Monthly Archives: March 2017
Monthly Archives: March 2017
When it comes to a live drum sound during a tracking session, sometimes the smallest details can make a big difference when you consider that there are usually multiple mics involved. Changing one thing can sometimes make a difference, but sometimes it’s the fact that many small adjustments have a cumulative effective on the overall sound. Here are 7 tips culled from The Recording Engineer’s Handbook 4th edition that can individually or together improve your recorded drum sound.
1. Microphones aimed at the center of the drum will provide the most attack. For more body or ring, aim it more towards the rim.
2. The best way to hear exactly what the drum sounds like when doing a mic check is to have the drummer hit the drum about once per second so there’s enough time between hits to hear how long the ring is.
3. Try to keep any mics underneath the drums at a 90 degree angle to the mic on top to keep the acoustic phase shift to a minimum.
4. Most mics placed underneath the drums will be out of phase with the tops mics. Switch the polarity on your preamp, console or DAW and choose the position that has the most bottom end.
5. Try to keep all mics as parallel as possible to keep the acoustic phase shift to a minimum (see the graphic on the left).
6. The main thing about mic placement on the drums is to place the mics in such a way where the drummer never has to be concerned about hitting them.
7. The ambient sound of the room is a big part of the drum sound. Don’t overlook using room mics where possible (see the graphic on the left).
The above tips can generally apply to just about any drum miking setup, but remember to listen carefully after each adjustment to note the difference, if any, that occurs, then make sure it fits with the track.
There’s no question that vinyl is back with a bang, and as a result, so is the turntable business. In fact, most turntable manufacturers both big and small have experienced double digit sales growth in the last few years, a trend that looks like it won’t be stopping anytime soon.
But what exactly goes into making a turntable, especially a high-end one? In the following video you’ll no doubt marvel at what a fine hand-crafted precision tool the Riga RP8 is as you see it being made from scratch. By the way, the RP8 sells for $3,500 with the stylus cartridge and $3,000 without.
That’s no doubt more than most people are willing to spend on a device to play their vinyl (in most cases their entire playback system doesn’t cost that much), but it doesn’t make the RP8 any less cool if you have that kind of money to spend.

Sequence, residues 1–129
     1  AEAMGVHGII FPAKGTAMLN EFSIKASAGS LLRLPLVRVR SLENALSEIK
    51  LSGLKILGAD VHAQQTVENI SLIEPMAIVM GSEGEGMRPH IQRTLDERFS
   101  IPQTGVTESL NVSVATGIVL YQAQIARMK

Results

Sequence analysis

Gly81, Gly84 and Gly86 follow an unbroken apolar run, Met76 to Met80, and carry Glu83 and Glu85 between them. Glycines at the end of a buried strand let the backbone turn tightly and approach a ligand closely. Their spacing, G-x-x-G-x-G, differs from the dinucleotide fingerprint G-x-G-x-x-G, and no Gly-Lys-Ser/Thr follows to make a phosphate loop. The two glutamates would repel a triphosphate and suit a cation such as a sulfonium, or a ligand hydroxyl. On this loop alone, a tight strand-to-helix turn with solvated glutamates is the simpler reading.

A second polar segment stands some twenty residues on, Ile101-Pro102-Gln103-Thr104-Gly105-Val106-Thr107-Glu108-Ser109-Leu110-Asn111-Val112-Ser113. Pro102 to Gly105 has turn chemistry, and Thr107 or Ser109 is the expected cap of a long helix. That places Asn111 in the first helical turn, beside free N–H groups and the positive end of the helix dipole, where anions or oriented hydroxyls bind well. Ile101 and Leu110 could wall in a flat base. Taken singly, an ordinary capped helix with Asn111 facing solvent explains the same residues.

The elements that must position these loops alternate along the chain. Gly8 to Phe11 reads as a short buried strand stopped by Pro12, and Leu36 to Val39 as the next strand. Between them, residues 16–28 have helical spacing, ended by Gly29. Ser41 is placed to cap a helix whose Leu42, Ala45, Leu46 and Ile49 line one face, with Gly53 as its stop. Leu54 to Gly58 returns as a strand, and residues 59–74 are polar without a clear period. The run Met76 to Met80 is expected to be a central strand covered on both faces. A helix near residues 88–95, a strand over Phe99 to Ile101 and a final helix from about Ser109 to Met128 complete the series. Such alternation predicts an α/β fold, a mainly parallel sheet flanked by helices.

Most processor plugins these days fall into roughly the same categories (EQ, compression, effects, denoise and utilities), so when a plugin comes along that starts a new category it’s big news. The plugin I’m talking about is the the Eventide Fission, which uses what the company calls its new Structural Effects (that would be the name of the new category) technology to break a signal down into its separate transient and tonal components.
Why would you want to do that? A number of reasons actually. For one, you can take any sound and twist it in a new and wonderful way to create something completely different, so it’s perfect for sound design.
But for those of us that just do music, it has lots of uses as well. For instance, it can provide much more convincing pitch alterations since you can keep the transient as it is, then tune just the body of the sound (there’s a great example on both snare and toms in the video below). Maybe you want to soften (or emphasize) a transient of a guitar to reduce the string or fret noise, or do the same with the body of the sound to reduce the room ambience. Maybe you’re doing a dance track and just want to completely mess up a synth sound into something totally new. There are tons of uses for Fission.
Keep in mind that Fission isn’t just another transient designer tool since it works on more than just the transient as you can manipulate the body of the sound as well. The plugin includes six effects (Delay, Tap Delay, Dynamics, Phaser, Reverb, and Gate + EQ) for the transient component, and seven (Delay, Compressor, EQ, Pitch, Chorus, Reverb, and Tremolo) for the tonal component. Fission’s Structural Split controls (Smoothing, Trans Decay, Source Type and Focus) combine with a real-time waveform display to show the user just how they are adjusting the split.